Microsoft is a constant target of cybercrimina. This time it was Microsoft Exchange Server email software that was the target of the attack. At the time the attack became known, the scope of the attack was apparently limited. However, from then on the use of these tactics increased. As a result, some researchers believe that the attack affected more than 30,000 companies and institutions.

Development of the attack

Earlier this month, Microsoft released a set of patches for the 2013, 2016 and 2019 versions of Exhange Server. Which served to resolve a number of vulnerabilities that allowed remote code execution. But between the announcement of the vulnerabilities and the release of the patches, many organizations did not have time to update the software. As a result, an avalanche of attacks continued in the meantime.

Since March 2, Microsoft reported the attack on its systems. After the breach became known, other cybercriminals replicated the strategy. Specifically, the leak takes advantage of a Microsoft Exchange vulnerability. Or password theft, to appear to be someone who has authorized access to the system. If the attacker manages to log in that way, he can remotely take control of the email account and steal data.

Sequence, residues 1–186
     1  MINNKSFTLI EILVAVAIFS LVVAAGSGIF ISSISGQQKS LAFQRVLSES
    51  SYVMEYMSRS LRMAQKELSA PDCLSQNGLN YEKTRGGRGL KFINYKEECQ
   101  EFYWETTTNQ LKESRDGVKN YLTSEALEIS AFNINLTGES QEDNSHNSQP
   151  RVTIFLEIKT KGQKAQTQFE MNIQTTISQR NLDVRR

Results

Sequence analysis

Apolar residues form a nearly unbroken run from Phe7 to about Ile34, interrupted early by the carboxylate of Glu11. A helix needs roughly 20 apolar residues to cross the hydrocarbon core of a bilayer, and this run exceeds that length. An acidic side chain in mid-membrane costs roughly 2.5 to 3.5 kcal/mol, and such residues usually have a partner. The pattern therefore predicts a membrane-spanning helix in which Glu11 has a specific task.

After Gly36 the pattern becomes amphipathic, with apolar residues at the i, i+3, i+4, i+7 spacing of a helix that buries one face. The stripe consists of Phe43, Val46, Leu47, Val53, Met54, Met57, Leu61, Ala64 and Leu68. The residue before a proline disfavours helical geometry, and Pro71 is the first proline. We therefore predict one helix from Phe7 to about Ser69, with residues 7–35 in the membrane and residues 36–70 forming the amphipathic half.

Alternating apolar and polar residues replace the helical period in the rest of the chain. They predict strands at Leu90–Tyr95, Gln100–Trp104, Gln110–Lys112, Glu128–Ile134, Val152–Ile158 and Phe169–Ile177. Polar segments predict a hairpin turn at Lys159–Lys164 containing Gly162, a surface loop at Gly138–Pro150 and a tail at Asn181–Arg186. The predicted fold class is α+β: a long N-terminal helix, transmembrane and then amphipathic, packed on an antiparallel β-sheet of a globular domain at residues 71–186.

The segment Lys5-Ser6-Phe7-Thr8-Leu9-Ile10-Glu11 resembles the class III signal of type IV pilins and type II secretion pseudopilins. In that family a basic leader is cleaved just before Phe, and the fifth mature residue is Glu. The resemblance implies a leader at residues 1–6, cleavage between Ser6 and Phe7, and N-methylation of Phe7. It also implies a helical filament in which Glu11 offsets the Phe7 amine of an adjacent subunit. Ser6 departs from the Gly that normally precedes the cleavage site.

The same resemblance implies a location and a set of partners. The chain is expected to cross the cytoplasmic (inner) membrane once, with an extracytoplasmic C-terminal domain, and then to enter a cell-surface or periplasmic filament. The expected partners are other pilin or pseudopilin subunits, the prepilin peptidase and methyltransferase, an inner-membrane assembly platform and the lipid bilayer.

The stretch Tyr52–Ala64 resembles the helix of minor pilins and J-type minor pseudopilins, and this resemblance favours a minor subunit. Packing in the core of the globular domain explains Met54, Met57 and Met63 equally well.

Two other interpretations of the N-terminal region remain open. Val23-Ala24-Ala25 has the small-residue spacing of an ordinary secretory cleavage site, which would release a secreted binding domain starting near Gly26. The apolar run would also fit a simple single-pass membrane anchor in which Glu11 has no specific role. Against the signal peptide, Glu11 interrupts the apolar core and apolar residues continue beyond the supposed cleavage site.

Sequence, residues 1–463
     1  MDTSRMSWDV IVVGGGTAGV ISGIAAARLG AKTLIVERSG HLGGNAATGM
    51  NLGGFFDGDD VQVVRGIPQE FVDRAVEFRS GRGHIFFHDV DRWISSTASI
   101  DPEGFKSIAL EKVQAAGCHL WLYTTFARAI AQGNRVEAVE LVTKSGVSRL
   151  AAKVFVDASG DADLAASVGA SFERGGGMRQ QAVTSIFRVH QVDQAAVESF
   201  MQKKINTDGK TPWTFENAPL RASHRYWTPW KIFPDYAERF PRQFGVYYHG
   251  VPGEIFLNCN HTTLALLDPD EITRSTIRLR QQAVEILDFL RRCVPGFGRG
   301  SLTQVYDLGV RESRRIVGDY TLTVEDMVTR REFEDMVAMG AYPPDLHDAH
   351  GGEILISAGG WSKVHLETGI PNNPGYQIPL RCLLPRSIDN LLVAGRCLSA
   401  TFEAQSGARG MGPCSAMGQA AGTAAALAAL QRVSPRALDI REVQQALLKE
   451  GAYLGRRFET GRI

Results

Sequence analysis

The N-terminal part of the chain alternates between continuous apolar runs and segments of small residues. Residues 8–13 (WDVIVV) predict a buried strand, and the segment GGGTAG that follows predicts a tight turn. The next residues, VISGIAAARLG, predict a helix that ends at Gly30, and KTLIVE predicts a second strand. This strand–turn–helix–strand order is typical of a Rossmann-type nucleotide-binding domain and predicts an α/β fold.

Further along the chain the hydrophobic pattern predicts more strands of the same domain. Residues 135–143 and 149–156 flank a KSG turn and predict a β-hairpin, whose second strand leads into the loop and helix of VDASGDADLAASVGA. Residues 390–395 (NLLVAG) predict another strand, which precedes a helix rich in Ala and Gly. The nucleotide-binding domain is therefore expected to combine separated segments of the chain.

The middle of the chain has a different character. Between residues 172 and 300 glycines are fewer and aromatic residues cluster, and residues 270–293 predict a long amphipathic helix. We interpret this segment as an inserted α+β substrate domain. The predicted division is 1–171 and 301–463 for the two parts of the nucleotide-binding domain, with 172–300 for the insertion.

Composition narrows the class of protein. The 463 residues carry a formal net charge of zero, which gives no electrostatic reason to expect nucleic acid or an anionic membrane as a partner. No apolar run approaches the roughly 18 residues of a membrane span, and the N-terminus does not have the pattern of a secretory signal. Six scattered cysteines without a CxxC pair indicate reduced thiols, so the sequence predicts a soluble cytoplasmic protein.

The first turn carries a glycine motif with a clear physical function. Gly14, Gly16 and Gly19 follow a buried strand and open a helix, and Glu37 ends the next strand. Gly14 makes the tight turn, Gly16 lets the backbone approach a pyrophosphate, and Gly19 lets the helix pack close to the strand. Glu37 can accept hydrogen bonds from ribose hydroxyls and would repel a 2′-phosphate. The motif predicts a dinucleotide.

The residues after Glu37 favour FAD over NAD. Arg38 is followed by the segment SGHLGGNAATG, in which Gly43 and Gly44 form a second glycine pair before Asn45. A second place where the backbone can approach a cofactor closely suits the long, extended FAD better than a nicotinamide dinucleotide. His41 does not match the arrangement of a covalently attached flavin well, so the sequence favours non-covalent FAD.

Despite the hype, so far few organizations have admitted to being victims of the attack. However, large and small businesses and governments use Microsoft Exchange extensively. Because of this, victim statements are expected in the near future. Due to the scale of the attack. As a result, the European Banking Authority has already confirmed that its mail servers were compromised by the hack. It is thus clear that the victims are located both in the United States and abroad.

Authors of the attack and protection

Microsoft has pointed to a group known as Hafnium as being responsible for the attack. In collaboration with the Chinese government. But Beijing denied these allegations. Similarly, ESET said it discovered more than a dozen APT groups exploiting Microsoft Exchange vulnerabilities. They also detected more than 5,000 mail servers around the world affected by this incident.

“Best protection is to make updates as soon as possible on all impacted systems”.


Consequently, over the weekend, U.S. authorities warned that this situation still represents an “active threat”. Microsoft advises organizations to update all affected systems as soon as possible. In particular, ESET recommends that organizations urgently install Exchange patches. Even for those that are not connected to the Internet.

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